I thought that following the voice to come here to New Mexico would potentially relieve me of the seemingly bottomless anguish I was experiencing, but I never expected that it would instead bring me to meet my shadow. There is no denying that darkness lives within all of us, yet the importance lies not in its existence but rather in how we choose to engage with it. I hid from my own darkness for so long. I built walls of black-and-white boundaries around me so that I wouldn’t have to take on the underbelly, for fear of truly meeting myself. I stuffed it deep into corners of my body, only to repress my true appetite for self-exploration and connection. I concealed my intensity in order to exist within a culture that champions aloofness. This torment only grew into an abyss of longing that would eventually lead me to unearth the roots of who I truly am. I needed the physical space to explore this, to drive into foreign sunsets and foreign lands in order to gain the metaphysical space to allow my innermost fears and desires to reveal themselves. Now, instead of building walls, I’m tearing them down. I’m allowing myself to meet my shadow with my gaze. To hold it. To honour it. To allow it to breathe and to permeate every part of my being. I’m permitting my life to fall apart and to get messy. I’m permitting myself to fall apart and to get messy. I am more authentic in my unravelling than in my needing to be “good.” And here I lie, naked, stripped, and raw. The dirt is exposed, but it only rots so that I can renew.
-an excerpt from my piece in Jane Magazine issue five - you can purchase here
A little expansion on this:
Rather than denouncing people and situations because “I deserve better,” I’ve been showing up for these sticky, grey areas. I’ve been engaging, listening, and learning. I thought that my standards and morals carried too much integrity to engage with anything that was not in the realm of what I felt was “right” for me. However, there was nativity in this for me - shadow work I was too afraid to dive into, parts of myself I was too afraid to look at. We are often taught that if we show up for these types of things than we aren’t leaving room for better things to come through. For some of us that may be true, but that hasn’t been my path. My work/learning involves going there.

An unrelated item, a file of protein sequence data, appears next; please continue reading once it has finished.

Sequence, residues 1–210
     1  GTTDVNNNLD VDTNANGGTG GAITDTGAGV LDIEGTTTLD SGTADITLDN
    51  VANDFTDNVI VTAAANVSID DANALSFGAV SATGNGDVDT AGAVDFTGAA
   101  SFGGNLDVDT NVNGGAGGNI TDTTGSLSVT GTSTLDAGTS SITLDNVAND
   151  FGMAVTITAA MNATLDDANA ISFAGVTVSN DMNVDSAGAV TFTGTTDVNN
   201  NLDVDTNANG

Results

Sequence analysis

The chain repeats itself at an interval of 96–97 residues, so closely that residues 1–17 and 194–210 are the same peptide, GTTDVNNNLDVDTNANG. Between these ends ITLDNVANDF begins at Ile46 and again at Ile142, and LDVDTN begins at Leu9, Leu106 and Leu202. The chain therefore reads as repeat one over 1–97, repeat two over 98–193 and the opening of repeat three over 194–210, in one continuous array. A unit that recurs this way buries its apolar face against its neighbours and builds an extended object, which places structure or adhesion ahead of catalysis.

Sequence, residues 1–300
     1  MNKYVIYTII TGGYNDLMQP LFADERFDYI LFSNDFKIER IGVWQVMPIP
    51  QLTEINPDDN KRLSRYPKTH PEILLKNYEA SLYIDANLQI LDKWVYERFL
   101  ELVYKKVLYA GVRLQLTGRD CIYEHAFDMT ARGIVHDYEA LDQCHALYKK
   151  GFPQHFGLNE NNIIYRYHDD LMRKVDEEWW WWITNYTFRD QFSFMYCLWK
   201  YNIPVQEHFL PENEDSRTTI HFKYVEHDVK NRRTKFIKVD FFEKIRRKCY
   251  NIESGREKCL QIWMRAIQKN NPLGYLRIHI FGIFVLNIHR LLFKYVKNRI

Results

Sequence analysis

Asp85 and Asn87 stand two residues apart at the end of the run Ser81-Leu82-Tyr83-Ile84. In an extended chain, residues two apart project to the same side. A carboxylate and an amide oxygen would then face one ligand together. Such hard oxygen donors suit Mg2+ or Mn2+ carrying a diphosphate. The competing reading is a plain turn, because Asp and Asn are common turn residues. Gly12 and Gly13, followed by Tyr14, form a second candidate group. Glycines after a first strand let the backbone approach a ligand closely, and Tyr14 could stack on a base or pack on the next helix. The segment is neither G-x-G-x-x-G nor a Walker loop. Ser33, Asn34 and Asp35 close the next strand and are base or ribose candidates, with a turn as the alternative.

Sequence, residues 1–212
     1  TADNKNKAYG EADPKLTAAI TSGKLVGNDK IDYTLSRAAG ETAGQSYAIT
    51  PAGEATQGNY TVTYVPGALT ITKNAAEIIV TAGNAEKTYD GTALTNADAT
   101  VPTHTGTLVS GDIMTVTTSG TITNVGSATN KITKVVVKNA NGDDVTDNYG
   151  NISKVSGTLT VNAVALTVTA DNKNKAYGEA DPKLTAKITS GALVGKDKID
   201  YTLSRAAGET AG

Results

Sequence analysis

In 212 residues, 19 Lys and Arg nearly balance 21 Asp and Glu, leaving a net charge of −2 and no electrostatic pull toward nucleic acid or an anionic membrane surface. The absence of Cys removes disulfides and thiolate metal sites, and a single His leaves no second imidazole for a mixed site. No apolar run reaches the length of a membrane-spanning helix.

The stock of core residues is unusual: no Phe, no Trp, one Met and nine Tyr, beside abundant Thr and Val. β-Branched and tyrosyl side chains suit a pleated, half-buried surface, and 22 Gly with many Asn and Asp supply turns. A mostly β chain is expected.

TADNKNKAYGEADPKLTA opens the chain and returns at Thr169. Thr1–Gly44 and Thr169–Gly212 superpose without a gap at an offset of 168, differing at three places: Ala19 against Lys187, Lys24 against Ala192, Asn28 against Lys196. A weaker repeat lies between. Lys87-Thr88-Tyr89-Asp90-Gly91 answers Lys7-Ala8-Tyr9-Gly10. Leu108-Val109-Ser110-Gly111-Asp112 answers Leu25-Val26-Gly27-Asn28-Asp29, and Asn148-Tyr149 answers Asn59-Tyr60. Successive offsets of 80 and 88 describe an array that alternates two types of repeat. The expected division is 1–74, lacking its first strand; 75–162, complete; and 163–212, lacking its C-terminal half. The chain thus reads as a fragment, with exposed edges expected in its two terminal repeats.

I’m allowing myself to break down, to be a fucking mess. To not have the answers. To be the least intelligent person in the room. To not give a shit. To give too many shits. To fuck up. To not do the right thing. Not because I don’t care for myself, but because I do. I can trust myself. I trust that when something is not in alignment or me that I will set a boundary and speak my truth. But if I don’t allow myself to engage at all, I am missing the opportunity to learn from a situation or another person. We don’t need to denounce the dark to get to the light, but rather to face it.
What do you feel you have to write off? What do you feel shameful of? What situations/people have been triggering for you regarding this? I encourage you to explore these questions in your journal. You can use your objects as helpful tools as you do this work. I pause and practice rituals to ground into my body, and to encourage deeper support and release.